They have none of them much to recommend them", replied he: "they are all silly and ignorant like other girls; but Lizzy has something more of quickness than her sisters." "Mr. Bennet, how can you abuse your own children in such a way? You take delight in vexing me. You have no compassion on my poor nerves." "You mistake me my dear. I have a high respect for your nerves. They are my old friends. I have heard you mention them with consideration these twenty years at least.
Have done with learning, And you will have no more vexation. How great is the difference between "eh" and "o"? What is the distinction between "good" and "evil"? Must I fear what others fear? What abysmal nonsense this is! All men are joyous and beaming, As though feasting upon a sacrificial ox, As though mounting the Spring Terrace; I alone am placid and give no sign, Like a babe which has not yet smiled. I alone am forlorn as one who has no home to return to. All men have enough and to spare: I alone appear to possess nothing. What a fool I am! What a muddled mind I have! All men are bright, bright: I alone am dim, dim. All men are sharp, sharp: I alone am mum, mum! Bland like the ocean, Aimless like the wafting gale. All men settle down in their grooves: I alone am stubborn and remain outside. But wherein I am most different from others is In knowing to take sustenance from my Mother!
Why, such is love's transgression. Griefs of mine own lie heavy in my breast, Which thou wilt propagate, to have it prest. With more of thine: this love that thou hast shown. Doth add more grief to too much of mine own. Love is a smoke raised with the fume of sighs; Being purged, a fire sparkling in lovers' eyes; Being vex'd a sea nourish'd with lovers' tears: What is it else? a madness most discreet, A choking gall and a preserving sweet. Farewell, my coz.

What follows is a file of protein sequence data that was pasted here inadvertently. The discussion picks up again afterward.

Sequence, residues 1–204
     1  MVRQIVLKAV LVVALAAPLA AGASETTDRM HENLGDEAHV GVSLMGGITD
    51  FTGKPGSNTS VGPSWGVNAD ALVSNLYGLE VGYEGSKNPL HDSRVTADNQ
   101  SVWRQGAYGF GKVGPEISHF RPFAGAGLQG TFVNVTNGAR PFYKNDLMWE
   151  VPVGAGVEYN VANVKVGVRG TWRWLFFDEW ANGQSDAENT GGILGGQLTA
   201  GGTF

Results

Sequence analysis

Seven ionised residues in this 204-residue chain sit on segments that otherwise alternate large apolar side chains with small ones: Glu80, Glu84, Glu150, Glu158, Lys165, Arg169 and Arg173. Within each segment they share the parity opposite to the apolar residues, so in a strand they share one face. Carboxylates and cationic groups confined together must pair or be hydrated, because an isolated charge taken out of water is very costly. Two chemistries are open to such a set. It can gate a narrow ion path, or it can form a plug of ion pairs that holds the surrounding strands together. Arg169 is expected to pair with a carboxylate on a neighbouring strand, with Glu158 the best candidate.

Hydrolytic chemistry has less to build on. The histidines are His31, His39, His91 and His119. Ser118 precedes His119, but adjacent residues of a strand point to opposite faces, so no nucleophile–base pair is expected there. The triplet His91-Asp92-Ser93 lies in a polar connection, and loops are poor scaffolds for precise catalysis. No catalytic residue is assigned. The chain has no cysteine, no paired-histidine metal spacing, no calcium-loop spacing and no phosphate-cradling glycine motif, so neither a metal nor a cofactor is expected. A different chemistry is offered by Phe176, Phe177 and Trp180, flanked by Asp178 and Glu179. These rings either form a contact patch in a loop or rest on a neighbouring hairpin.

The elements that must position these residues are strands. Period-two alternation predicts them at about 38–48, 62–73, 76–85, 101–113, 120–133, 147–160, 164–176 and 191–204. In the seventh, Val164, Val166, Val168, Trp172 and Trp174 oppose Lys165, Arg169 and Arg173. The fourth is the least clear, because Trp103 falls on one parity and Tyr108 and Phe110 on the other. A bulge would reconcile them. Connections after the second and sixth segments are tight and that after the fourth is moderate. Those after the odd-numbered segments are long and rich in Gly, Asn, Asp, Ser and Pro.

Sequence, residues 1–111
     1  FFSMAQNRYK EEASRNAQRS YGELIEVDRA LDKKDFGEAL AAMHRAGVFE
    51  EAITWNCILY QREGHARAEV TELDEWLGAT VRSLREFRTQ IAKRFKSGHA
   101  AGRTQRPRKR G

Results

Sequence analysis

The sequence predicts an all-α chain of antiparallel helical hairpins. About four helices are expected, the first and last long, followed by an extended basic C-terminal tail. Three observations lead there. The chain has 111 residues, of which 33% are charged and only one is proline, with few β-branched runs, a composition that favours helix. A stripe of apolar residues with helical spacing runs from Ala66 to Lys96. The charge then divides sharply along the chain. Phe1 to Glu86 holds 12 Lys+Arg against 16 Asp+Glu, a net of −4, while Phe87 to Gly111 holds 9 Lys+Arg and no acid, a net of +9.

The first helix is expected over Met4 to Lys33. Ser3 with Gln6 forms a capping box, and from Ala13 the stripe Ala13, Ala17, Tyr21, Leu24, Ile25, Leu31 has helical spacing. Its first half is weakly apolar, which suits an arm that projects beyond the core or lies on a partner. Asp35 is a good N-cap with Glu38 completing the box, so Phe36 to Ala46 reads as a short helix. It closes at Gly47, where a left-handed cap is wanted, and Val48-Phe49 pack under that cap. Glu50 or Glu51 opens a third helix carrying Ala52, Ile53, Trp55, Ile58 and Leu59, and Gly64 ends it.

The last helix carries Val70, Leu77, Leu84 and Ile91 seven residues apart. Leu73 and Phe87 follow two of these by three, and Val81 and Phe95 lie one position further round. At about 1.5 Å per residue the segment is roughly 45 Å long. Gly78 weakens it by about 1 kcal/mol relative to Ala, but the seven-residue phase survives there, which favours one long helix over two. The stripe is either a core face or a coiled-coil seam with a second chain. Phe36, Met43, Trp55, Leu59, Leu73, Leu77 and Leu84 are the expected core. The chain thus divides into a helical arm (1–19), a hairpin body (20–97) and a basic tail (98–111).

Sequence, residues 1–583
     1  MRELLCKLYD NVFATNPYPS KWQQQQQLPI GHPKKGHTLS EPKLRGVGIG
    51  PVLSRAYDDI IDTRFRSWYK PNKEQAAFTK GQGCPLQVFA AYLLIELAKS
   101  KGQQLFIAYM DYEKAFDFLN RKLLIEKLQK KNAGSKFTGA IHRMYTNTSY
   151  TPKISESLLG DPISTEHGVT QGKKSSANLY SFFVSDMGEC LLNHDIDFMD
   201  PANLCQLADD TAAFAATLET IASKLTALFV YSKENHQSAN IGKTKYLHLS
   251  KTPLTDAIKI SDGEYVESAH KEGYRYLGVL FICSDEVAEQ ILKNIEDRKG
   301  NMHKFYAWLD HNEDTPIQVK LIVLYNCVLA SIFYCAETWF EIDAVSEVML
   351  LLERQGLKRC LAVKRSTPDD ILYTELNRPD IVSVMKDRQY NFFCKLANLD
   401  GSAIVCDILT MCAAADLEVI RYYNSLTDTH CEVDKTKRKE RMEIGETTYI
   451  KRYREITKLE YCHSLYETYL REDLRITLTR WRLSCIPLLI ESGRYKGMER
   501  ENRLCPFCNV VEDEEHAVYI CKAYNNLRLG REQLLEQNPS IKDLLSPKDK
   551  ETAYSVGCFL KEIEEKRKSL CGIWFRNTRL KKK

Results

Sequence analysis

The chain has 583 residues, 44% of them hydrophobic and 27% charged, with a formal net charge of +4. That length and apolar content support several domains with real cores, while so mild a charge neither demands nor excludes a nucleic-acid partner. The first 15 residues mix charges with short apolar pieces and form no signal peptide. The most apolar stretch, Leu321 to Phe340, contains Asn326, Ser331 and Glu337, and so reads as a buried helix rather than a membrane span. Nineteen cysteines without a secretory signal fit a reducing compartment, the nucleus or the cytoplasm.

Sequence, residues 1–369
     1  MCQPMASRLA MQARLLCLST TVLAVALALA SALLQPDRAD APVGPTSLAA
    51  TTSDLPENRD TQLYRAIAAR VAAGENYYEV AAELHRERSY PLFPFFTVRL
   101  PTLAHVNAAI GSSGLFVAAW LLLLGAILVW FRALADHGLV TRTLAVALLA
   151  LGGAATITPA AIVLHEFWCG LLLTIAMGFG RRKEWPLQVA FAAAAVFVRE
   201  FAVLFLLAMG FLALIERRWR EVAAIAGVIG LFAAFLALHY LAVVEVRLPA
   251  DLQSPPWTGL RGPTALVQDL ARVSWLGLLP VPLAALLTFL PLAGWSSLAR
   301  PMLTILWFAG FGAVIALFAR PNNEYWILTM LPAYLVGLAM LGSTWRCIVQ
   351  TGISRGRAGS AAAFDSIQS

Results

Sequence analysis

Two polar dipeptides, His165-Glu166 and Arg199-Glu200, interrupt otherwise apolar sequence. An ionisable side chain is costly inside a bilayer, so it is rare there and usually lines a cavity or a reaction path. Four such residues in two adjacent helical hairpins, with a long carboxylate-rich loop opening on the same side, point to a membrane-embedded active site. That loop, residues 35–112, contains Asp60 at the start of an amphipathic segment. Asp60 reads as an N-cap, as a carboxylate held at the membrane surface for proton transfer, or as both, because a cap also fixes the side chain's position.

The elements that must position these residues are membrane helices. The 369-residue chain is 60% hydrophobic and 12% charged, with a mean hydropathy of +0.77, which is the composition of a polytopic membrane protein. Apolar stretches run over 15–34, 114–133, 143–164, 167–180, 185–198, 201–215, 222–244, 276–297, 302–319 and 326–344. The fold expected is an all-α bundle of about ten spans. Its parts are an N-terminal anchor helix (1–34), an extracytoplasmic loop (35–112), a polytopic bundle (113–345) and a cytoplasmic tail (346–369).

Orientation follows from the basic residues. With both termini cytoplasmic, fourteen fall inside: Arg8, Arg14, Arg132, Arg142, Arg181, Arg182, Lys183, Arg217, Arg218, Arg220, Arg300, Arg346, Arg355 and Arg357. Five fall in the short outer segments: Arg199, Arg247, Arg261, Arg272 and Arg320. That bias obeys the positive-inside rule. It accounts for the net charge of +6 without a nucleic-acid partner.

I am two fools, I know, For loving, and for saying so In whining poetry; But where's that wiseman, that would not be I, If she would not deny? Then as th' earth's inward narrow crooked lanes Do purge sea water's fretful salt away, I thought, if I could draw my pains Through rhyme's vexation, I should them allay. Grief brought to numbers cannot be so fierce, For he tames it, that fetters it in verse. But when I have done so, Some man, his art and voice to show, Doth set and sing my pain; And, by delighting many, frees again Grief, which verse did restrain. To love and grief tribute of verse belongs, But not of such as pleases when 'tis read. Both are increased by such songs, For both their triumphs so are published, And I, which was two fools, do so grow three; Who are a little wise, the best fools be.
Of one thing we may be sure, we can never escape the external stimuli that cause vexation. The world is full of them, and though we were to retreat to a cave and live the remainder of our days alone, we still could not lose them. The rough floor of the cave would chafe us, the weather would irritate us and the very silence would cause us to fret
Birth after birth the line unchanging runs, And fathers live transmitted in their sons; Each passing year beholds the unvarying kinds, The same their manners, and the same their minds: Till, as erelong successive buds decay, And insect-shoals successive pass away, Increasing wants the pregnant parent vex. With the fond wish to form a softer sex. ..
Mr. Bennet, how can you abuse your own children in such a way? Youtake delight in vexing me. You have no compassion for my poor nerves."You mistake me, my dear. I have a high respect for your nerves. Theyare my old friends. I have heard you mention them with considerationthese last twenty years at least.